November 07, 2005

Cars Can Be Blue "All The Stuff We Do"

Dressy Bessy meets Tenacious D. Tullycraft meets Adam Sandler. Beat Happening meets the Moldy Peaches. These are comparisons straight from Cars Can Be Blue's press kit, and they're all quite accurate. This boy/girl duo (Becky on guitar, Nate on drums, both on vocals--and they go by their first names) sounds a lot like your average twee band, but their lyrics sound like dialogue from South Park.

All the Stuff We Do opens with "I Like", an innocuous, typical tweepop love song. But like the Velvet Underground did before them with "Sunday Morning", they made this first track on their debut album as a parody of typical pop, and a deception to heighten the impact of the debauchery beyond.And this album has loads of debauchery! If you pretend not to be amused and/or offended by songs like "Abortion" and "Retarded Retard", you must be a poseur, trying to hard to seem like a jaded, seen-it-all hipster. We all know that inside, your mind is being blown by the Cars' flippant attitude towards the termination of fetuses.

Less controversial, but nonetheless funny, are other songs like "She Needs It" and "Dating Batman". "She Needs It" takes the motif of Pearl Jam's cover of "Last Kiss" and turns it into a ballad glorifying post-breakup friends-with-benefits relationships. "Dating Batman" is a breakup song about Becky going out with Batman and then breaking up with him after he comes home late at night smelling like bad guys. I mean, really smelling like bad guys. Also on this album is a rousing cover of the theme song from Teenage Mutant Ninja Turtles.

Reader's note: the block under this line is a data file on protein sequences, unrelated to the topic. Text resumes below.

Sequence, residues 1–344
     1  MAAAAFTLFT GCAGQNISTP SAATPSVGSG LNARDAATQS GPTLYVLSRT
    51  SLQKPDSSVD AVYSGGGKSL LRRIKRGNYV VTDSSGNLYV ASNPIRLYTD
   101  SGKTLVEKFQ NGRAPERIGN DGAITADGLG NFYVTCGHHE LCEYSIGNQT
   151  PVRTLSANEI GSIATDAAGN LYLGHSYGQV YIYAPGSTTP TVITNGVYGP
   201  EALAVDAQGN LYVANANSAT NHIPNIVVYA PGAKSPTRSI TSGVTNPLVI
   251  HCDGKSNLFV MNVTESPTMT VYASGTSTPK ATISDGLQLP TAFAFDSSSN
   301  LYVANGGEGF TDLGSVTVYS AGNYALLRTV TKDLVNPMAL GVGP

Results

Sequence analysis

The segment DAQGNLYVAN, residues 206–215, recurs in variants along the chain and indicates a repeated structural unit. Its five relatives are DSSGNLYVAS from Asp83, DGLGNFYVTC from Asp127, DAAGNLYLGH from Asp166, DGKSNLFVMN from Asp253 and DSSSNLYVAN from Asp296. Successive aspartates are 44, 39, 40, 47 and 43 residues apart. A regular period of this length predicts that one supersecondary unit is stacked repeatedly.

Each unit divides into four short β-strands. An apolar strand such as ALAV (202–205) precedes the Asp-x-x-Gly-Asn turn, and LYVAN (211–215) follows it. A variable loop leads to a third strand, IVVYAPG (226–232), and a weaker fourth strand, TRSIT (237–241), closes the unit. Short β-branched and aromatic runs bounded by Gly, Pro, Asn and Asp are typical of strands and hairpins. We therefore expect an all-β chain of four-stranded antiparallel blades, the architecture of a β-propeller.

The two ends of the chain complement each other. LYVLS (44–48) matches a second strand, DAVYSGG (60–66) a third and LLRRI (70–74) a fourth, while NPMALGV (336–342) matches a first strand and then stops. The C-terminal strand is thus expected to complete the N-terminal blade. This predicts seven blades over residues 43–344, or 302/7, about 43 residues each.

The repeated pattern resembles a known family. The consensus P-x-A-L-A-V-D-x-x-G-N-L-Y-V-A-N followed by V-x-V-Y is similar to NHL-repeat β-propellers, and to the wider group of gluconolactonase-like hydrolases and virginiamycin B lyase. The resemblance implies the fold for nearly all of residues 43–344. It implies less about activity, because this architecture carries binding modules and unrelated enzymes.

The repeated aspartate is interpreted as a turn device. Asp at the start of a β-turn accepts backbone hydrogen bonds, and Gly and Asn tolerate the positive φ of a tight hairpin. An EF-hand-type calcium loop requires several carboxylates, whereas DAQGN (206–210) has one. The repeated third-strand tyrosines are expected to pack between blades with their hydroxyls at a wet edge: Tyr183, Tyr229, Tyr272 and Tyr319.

I'd go into more detail about this album, but I don't want to ruin all the jokes for you, and much of the material on this album is just too graphic for a PG-rated publication like Mundane Sounds. Tweepop usually avoids references to sex, but the Cars have a few songs that contain graphic descriptions of sexual acts. If you're a college radio DJ, there's not much on this album that you'll be able to play on the air.

Of course, I love this album. I appreciate the twisted take on tweepop, and I'm highly amused at the audacity and level of offensiveness of the Cars' songs. But if you're the type of person who thinks that sexual humor is too juvenile, those who use expletives use them because their vocabulary is too limited and they don't know of any other way to get laughs, or that there is no way that abortions can be funny, you won't like this album. Just pretend that Cars Can Be Blue doesn't exist and don't censor them and suppress their art so those of us who aren't uptight can enjoy them. However, if you're a twee boy or girl who's tired of acting cute and innocent all the time, or you're just a fan of raunchy humor in general, this is your new favorite party album.

By the way, I apologize for the Velvet Underground comparison. That might have been too pretentious.

--Eric Wolf

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